Different Paths

A new study by Vanguard affirms what most of us know, at least anecdotally--people’s approach to retirement is about as variable as, well, people. The report highlights six different paths (see “Workers Plan To ‘Downshift’ Into Retirement” at ) but, of course, it’s more complicated than that. The bottom line is this: Working full time until you reach age 65 and then “retiring” appears to be the exception, not the rule. Apparently, people begin gradually cutting back in their fifties (by their late fifties, the rate of full-time workers falls to 62%)—and even by the time you get to the second half of the sixties, 17% are still working.

The good news could be that people are working, and saving, longer—and perhaps deferring tapping into their retirement savings beyond the date(s) that many retirement projections now assume. The bad news, of course, is that workers could be cutting back on work (and compensation) earlier than those same projections contemplate—and not always at the choice of the worker. Note that, among those who returned to work in the Vanguard sampling, more than half did so to meet basic expenses, and a quarter needed to pay for health insurance.

We’ve tended to think of retirement as a cessation of compensated employment and, perhaps simplistically, crafted certain financial assumptions around the notion that that occurs at a specific point in time. IMHO, the Vanguard study reminds us that the individual decisions around employment generally, and retirement specifically, are just that—individual decisions.

Accordingly, I’d like to propose an alternative definition for retirement in the workplace—an “exit” strategy, if you will—“to fall back or retreat in an orderly fashion, and according to plan.”

- Nevin Adams

Sunday, January 14, 2007

"Forth" Right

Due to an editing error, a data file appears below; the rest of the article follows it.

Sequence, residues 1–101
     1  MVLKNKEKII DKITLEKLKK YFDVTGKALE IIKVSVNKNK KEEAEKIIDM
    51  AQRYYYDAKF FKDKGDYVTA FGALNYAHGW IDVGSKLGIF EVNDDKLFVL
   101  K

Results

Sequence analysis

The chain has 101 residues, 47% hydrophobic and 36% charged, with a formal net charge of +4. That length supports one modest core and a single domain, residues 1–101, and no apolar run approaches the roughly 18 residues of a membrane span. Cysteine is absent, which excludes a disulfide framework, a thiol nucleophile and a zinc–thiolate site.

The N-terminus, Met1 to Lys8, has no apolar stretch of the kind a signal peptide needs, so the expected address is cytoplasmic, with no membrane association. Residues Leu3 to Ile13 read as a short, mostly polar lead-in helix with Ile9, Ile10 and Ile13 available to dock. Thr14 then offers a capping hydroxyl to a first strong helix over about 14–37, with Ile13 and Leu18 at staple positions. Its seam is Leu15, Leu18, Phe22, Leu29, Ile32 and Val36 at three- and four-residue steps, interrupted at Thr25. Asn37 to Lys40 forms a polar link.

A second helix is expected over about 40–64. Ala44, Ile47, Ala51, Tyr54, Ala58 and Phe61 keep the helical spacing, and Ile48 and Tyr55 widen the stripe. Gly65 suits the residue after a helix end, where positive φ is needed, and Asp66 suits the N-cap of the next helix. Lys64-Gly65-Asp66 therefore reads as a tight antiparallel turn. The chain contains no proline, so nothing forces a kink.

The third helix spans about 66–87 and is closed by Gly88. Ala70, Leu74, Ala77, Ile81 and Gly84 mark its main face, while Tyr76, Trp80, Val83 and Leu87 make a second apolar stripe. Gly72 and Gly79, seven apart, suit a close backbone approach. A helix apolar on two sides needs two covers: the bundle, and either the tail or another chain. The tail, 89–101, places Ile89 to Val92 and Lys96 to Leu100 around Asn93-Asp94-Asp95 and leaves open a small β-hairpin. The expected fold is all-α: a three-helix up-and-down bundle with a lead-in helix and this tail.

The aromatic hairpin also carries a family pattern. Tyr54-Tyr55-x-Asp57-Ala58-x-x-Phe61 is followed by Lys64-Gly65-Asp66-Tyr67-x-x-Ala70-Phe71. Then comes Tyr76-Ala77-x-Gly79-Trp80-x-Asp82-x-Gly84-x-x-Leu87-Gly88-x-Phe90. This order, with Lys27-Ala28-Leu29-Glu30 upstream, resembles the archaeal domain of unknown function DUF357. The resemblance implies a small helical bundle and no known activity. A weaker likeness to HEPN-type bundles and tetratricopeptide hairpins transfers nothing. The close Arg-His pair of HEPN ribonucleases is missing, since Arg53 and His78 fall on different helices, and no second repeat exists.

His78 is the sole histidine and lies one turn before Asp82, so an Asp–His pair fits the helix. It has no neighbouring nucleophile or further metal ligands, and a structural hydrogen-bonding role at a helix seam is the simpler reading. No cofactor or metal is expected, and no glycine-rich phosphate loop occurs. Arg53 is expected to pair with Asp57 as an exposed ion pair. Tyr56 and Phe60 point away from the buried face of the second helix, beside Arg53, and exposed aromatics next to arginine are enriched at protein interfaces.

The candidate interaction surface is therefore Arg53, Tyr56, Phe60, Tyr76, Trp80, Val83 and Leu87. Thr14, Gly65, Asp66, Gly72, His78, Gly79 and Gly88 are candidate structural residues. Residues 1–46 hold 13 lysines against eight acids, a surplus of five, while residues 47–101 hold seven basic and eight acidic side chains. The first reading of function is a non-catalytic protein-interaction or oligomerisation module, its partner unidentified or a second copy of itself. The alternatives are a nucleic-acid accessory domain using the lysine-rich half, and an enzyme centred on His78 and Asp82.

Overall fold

A couple of weeks ago, we got a panicked call from daughter No. 1, who had, on her way home from work, gotten her first flat tire. Now, flat tires are never fun, but she was clearly unnerved. It was after dark, at the end of a full day of work for her, and even though she was less than two miles from home, and we have motor club coverage, her mother and I piled into a car to change the tire.

Whilst I was attending to the changing of the tire, my wife turned her attention to gaining a better understanding of the events that had led up to the event. I thought that was odd at the time—after all, tires run over objects and go flat all the time. But gradually, and painfully, my wife—who has a mother’s knack for discerning when the kids are being less than forthcoming—wrested the truth. It turns out that daughter No. 1, in her 10-minute drive home, had been adjusting the car radio—took her eyes off the road—and struck a curb at just the right angle. Sure, the tire going flat had been upsetting, but the real problem for her that night was that her actions created the situation. And the real problem for her after that disclosure—as she soon found out—was that she hadn’t been straight with us in the first place.